1. Now for the first time in a while (if not ever) I have to disagree with you. Knowing me, as well as you knowing me (I hope you do at least lol) I know that creativity in some people is a bottomless well. I never stop thinking about new and intuitive ideas for how to go about creating a game. Yes, large teams of hundreds and thousands of people can produce more games, both in volume and size, even graphically being able to push the boundaries or setting them. But as Indie -being completely independent- you get to set your own rules for how you want to go about making a game in the first place. Look at Super Meat Boy: Team Meat may not have been completely original, but their creativity and freedom to do what they wanted and parody anything and everything gave them the blockbuster hit game that Super Meat Boy is today. Its a matter of mentality minus logic that can allow creativity to bring successful games, and pushing the barriers of that creativity to its far edge of limitations – exceeding limitations. It kinda goes back to what Steve Jobs said “Stay young, stay foolish,” and that really worked out for his company’s creative edge (at least for a while). We all have our moment in the limelight, so that you have to make the most of.

    Also, yes its true that the people who play your games are the ones that make it popular, and thus more successful. But being able to reach people is powerful. Just the fact that you can promote your own product to people you know like it’s genre is very controlling, manipulating even. Heck, you will always have followers who play your game because they have been there since the beginning, just because you hype it up as the NEXT BIG THING! You can even hype up crappy games and have ordinary gamers buy into them like drooling zombies (YAY ZOMBIE REFERENCES!) So knowing how to reach people is a powerful thing, and can give your games the edge. In fact, that is why huge game companies put out crap games – because they lost their central edge of creativity. They make a game and become successful, but then never plan ahead. They make their game they always wanted to make but then lose creative focus when realizing they now own a business and are in deep, having to keep people employed instead of thinking of other ideas for how to make other fun and inspiring games. You may think its impossible to stay successful once you reach success, but I know its possible. Bungie is a shining example of this – and always will be. They have achieved every step to their World Domination Plan, and now continue on into space (quite literally lol). They even knew when to stop with Halo, where 343 Industries have mistakenly continued on with it. And since I know how they have gone about achieving their success, I know that our Creative Group will too.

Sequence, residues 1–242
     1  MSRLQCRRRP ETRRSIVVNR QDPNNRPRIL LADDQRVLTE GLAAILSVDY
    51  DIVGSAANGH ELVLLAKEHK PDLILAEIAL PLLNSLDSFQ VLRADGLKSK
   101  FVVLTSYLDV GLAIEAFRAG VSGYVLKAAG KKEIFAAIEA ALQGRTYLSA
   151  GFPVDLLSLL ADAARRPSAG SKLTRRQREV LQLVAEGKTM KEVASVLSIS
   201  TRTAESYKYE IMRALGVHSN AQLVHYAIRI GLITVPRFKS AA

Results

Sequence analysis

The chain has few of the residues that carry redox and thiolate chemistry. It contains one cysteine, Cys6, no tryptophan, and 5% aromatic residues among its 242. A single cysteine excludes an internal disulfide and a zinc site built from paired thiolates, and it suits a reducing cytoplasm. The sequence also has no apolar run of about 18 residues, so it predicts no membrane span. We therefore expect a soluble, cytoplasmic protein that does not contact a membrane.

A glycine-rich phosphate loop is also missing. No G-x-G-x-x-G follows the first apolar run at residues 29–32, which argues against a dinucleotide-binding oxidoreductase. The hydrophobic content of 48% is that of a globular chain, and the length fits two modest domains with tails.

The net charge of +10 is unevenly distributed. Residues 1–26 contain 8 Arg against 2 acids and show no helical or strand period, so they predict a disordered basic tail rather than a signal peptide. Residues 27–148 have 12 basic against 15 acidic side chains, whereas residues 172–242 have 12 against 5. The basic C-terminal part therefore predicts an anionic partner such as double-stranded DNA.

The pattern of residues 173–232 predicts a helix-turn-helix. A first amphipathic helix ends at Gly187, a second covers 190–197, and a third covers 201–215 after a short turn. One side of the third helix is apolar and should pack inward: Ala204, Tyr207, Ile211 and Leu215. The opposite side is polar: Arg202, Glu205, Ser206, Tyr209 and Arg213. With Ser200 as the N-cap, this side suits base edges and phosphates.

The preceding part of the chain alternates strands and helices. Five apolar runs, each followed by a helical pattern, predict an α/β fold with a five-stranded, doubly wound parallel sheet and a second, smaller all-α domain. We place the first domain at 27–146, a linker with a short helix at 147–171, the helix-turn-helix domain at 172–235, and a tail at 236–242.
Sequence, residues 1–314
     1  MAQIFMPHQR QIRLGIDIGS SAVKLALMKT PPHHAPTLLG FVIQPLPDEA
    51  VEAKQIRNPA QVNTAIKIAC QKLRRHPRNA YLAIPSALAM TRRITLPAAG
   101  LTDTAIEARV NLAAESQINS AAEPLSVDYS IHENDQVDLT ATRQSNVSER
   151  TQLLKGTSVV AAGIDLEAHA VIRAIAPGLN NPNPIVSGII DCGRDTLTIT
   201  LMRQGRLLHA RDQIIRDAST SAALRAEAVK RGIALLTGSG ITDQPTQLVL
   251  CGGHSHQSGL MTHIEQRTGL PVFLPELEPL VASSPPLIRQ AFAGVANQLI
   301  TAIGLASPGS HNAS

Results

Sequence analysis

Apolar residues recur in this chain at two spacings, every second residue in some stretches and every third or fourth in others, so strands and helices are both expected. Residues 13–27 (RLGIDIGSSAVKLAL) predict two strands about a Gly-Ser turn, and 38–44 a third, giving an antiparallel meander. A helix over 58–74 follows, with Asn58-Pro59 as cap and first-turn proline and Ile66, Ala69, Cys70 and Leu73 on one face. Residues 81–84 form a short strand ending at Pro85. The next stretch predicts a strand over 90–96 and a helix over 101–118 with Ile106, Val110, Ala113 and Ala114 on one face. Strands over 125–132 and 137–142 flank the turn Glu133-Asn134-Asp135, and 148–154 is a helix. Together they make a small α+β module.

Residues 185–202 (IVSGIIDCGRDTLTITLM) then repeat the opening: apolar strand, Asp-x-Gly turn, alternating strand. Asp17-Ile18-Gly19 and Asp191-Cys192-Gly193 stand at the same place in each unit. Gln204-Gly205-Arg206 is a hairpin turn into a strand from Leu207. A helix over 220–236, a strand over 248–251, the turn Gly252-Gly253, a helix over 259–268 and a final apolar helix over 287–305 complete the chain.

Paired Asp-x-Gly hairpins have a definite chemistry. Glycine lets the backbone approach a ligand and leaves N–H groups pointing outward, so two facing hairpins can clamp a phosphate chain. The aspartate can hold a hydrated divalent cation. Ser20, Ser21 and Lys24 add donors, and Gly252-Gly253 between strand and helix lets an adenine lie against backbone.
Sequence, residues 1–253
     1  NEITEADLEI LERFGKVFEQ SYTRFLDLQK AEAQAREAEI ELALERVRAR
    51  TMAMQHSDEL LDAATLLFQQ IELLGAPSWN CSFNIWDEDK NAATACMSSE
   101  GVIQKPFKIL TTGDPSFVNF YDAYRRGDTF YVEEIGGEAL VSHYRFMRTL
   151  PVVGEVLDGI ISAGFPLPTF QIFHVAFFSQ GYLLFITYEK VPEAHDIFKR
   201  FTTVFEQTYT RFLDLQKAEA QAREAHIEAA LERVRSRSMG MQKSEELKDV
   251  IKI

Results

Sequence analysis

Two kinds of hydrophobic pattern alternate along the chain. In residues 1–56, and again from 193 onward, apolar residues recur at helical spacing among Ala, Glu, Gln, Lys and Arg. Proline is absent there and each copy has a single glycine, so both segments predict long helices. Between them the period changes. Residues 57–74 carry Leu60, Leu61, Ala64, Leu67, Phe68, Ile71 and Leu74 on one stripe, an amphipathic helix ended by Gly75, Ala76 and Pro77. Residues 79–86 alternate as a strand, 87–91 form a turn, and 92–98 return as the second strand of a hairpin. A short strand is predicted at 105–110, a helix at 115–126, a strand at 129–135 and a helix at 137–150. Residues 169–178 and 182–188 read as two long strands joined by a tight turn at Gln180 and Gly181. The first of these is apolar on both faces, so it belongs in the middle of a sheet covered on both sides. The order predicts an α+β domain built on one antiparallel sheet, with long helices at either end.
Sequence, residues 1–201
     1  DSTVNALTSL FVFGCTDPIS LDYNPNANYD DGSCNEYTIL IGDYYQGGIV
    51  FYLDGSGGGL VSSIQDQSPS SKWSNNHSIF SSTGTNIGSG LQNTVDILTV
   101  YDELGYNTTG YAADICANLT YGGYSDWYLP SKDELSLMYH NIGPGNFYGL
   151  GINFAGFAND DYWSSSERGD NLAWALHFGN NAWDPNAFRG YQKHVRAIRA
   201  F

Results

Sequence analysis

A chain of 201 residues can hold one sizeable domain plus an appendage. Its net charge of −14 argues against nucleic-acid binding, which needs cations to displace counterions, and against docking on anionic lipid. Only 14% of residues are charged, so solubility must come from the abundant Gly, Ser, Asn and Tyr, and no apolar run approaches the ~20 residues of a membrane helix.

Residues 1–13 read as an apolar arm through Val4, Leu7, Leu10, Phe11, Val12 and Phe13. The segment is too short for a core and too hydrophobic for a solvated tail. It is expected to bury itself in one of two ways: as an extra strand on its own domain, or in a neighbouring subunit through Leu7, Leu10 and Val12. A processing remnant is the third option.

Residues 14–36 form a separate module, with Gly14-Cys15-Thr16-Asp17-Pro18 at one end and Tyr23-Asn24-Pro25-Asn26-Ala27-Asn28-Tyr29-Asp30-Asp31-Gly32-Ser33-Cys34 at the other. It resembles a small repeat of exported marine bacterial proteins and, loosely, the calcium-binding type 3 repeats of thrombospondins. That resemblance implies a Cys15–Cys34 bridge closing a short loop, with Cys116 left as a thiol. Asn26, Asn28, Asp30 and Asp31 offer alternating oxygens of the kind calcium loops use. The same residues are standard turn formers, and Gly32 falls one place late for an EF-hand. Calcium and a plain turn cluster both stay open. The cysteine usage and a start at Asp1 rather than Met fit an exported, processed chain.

Because knowing is half the battle…

  2. I’m currently exploring the world of indie pc gaming through Steam. It’s like a wonderland. I actually made a list of games on my blog to buy in case of money. 😛

  3. Possibly. I haven’t read 100% of your posts, but I happened to pick out Amnesia beforehand and then saw later that you’d started playing it. 😀 I also reeeally want to play The Dream Machine, for the pure and simple fact that I have hoped and dreamed that someone would create a game using clymation.